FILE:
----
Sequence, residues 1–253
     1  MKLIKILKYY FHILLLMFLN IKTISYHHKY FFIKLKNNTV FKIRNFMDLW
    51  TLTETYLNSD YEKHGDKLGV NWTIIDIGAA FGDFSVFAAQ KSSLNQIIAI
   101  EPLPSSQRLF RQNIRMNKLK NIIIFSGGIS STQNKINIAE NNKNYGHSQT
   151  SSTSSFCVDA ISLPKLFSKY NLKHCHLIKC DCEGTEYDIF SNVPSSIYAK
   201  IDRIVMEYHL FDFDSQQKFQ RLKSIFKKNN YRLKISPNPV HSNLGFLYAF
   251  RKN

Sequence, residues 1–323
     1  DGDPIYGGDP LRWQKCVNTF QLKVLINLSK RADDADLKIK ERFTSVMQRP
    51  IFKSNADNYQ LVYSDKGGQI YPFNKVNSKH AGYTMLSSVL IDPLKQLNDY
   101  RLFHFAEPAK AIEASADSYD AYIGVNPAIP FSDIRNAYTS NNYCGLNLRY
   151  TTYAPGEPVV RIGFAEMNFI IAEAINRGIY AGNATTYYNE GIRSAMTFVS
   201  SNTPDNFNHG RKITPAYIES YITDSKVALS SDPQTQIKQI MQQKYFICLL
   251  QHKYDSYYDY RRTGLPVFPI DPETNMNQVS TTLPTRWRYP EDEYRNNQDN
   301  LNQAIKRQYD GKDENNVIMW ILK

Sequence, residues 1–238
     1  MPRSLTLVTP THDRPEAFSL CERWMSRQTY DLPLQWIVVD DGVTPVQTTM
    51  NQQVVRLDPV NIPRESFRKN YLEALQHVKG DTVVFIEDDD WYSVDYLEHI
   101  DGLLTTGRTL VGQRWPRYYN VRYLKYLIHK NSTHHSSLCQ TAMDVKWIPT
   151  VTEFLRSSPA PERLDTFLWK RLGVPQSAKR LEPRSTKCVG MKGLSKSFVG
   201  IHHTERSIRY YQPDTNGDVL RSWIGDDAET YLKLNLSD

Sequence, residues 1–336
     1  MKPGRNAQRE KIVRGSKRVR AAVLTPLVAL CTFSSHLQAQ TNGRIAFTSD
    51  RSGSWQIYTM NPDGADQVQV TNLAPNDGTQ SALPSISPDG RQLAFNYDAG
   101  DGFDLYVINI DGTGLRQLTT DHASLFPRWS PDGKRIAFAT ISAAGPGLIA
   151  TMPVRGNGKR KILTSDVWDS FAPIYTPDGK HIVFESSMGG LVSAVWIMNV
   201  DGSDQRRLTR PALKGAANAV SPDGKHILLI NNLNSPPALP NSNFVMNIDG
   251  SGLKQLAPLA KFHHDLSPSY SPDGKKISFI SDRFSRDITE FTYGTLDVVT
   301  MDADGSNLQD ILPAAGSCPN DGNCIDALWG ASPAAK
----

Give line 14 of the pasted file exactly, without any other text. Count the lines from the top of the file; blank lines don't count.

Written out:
   251  QHKYDSYYDY RRTGLPVFPI DPETNMNQVS TTLPTRWRYP EDEYRNNQDN